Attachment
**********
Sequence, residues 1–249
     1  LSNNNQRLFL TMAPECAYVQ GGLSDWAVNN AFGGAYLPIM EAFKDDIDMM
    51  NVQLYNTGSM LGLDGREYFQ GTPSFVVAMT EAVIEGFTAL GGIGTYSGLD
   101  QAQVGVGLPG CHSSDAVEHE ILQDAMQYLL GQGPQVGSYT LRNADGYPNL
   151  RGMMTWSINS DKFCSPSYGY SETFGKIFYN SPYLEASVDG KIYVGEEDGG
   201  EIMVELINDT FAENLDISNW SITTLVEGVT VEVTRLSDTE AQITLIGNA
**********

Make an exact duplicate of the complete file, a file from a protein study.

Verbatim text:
Sequence, residues 1–249
     1  LSNNNQRLFL TMAPECAYVQ GGLSDWAVNN AFGGAYLPIM EAFKDDIDMM
    51  NVQLYNTGSM LGLDGREYFQ GTPSFVVAMT EAVIEGFTAL GGIGTYSGLD
   101  QAQVGVGLPG CHSSDAVEHE ILQDAMQYLL GQGPQVGSYT LRNADGYPNL
   151  RGMMTWSINS DKFCSPSYGY SETFGKIFYN SPYLEASVDG KIYVGEEDGG
   201  EIMVELINDT FAENLDISNW SITTLVEGVT VEVTRLSDTE AQITLIGNA